Allan Massie: Rugby World Cup like Novak Djokovic facing the No 12 seed in a Wimbledon semi-final

South Africa's Faf de Klerk arrives for a team run at the Stade des Fauvettes, Domont, ahead of their semi-final against England.South Africa's Faf de Klerk arrives for a team run at the Stade des Fauvettes, Domont, ahead of their semi-final against England.
South Africa's Faf de Klerk arrives for a team run at the Stade des Fauvettes, Domont, ahead of their semi-final against England.
One felt – I guess most of us did – that the two marvellous matches in Paris last weekend should have been Rugby World Cup semi-finals, not mere quarter-finals.

Likewise it’s common opinion that this weekend’s semis are likely to be an anti-climax after the brilliance a week ago. I write this perforce before New Zealand play Argentina, and, though Argentina sometimes exceed expectations, the All Blacks are on a roll, and Argentina seem unlikely to succeed where Ireland failed. South Africa were so good against France, while England have struggled to beat Samoa and Fiji in their last two matches so that it is difficult to imagine them even running the Springboks close.

Nevertheless, Steve Borthwick has licked England into some short of shape, repairing much of the damage inflicted on them in the last years of Eddie Jones’s reign, and there’s such a cussedness about England and their leaders Owen Farrell and Courtney Lawes that it is rash to write them off.

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In short it’s just possible, if very unlikely, that these matches may be close, neither New Zealand nor South Africa quite scaling the heights they achieved last weekend, all the more likely if sub-consciously they see they are already preparing for the final. Teams are not always at their best in a match that everybody expects them to win comfortably. In truth New Zealand and South Africa are each faced with a challenge they should meet comfortably; it’s like Novak Djokovic facing the No 12 seed in a Wimbledon semi-final.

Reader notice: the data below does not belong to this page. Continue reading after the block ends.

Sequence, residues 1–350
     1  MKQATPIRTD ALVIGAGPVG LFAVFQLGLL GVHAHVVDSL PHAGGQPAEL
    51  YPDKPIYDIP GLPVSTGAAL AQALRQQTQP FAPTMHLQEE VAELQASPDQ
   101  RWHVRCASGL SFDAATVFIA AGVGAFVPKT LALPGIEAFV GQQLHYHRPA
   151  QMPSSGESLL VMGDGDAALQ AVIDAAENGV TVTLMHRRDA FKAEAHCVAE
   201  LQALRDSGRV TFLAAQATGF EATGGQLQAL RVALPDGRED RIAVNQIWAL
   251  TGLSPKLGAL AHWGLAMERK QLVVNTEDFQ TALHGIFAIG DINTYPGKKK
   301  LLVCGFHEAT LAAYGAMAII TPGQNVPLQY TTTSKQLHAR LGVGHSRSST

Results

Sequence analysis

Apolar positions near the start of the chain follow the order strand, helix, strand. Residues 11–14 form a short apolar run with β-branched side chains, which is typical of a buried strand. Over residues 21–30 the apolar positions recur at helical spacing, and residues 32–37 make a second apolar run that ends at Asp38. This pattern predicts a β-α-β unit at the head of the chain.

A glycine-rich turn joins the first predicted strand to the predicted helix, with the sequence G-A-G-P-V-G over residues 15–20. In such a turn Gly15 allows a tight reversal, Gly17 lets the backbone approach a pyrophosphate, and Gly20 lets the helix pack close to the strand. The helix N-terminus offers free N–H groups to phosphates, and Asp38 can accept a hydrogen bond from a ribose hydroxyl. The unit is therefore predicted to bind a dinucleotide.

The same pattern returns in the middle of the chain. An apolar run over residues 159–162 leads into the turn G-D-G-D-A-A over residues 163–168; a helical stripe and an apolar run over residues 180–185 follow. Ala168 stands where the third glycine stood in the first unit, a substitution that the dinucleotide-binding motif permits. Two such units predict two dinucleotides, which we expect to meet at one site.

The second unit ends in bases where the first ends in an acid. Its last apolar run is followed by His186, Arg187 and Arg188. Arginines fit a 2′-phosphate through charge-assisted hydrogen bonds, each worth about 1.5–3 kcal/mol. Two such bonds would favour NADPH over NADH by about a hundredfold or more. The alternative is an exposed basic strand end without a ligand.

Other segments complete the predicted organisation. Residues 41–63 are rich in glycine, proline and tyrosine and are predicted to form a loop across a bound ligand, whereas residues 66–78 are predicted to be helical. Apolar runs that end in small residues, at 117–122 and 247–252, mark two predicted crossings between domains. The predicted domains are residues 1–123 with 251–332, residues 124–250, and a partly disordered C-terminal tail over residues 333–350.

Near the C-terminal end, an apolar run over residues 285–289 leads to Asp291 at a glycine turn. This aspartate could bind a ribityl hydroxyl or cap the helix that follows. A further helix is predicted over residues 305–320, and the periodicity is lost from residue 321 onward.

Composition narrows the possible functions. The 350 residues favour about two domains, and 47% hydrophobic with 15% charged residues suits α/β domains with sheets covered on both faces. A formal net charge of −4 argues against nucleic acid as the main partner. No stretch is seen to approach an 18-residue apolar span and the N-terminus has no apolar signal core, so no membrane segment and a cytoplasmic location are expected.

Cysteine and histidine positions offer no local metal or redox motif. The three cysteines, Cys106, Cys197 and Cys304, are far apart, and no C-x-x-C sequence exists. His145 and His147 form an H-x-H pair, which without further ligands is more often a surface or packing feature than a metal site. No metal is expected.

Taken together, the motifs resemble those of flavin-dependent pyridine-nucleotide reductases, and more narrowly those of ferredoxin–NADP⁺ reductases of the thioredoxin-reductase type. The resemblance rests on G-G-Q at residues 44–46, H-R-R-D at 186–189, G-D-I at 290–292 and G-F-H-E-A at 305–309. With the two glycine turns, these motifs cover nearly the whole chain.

Meanwhile, the URC gets under way this weekend, with Edinburgh travelling to Wales to meet the Dragons today and Glasgow entertaining Leinster at Scotstoun tomorrow. I guess that few players engaged in the World Cup will feature this weekend, few Irish ones anyway.

Still, it’s been a quick turnround for Cameron Redpath and Finn Russell, who both played for Bath last week, though Finn came off the bench earlier than had been intended. You might think players would benefit for a longer rest after the intensity of the World Cup, but getting back in action soon is not necessarily a bad way of coping with disappointment. It’s like getting back on to a horse or pony immediately after a fall.

Last season was quite encouraging for Glasgow, disappointing for Edinburgh, even though they brought off one of the best Scottish wins in the European competition when they thoroughly outplayed and defeated a strong Saracens team. Indeed, they were so good that day that their poor form in the URC was well nigh inexplicable.

It can’t be said too often that the excellence of Ireland for some years now has been based on the excellence of the Provinces, first Munster and now Leinster. Likewise the inconsistency of both Scotland and Wales – capable of notable victories but also too frequent defeats – reflects the inconsistency and – too often – inadequacy of the clubs.

Here, of course, we have another cause for anxiety, the poor quality of our age-group rugby over the last few years. One felt sorry for the boys in the under-20 Six Nations last spring. They looked, whatever their natural ability might be, quite simply a long way short of the level required for success. That inadequate preparation goes back a good many years.

It’s true of course that any single year’s crop of under-20 internationalists will often produce only two, three or four who will develop sufficiently to find a place in the Scotland squad. Nevertheless there are very few players who establish themselves in the national team who haven’t first impressed at age-group level. This is true of all the Six Nations countries, recently most markedly Ireland and France. I doubt if there’s a quick cure, but unless the development programme is improved, the fortunes of the present Scotland team will prove to be the best we can do.

To end on a different note I’m delighted to see that Rory Sutherland has found a club – Oyonnax, just promoted to the French Top 14 – but puzzled that neither Edinburgh nor Glasgow went for him. Still, I hope he flourishes in France, fit enough to find the form that made him a Lions prop.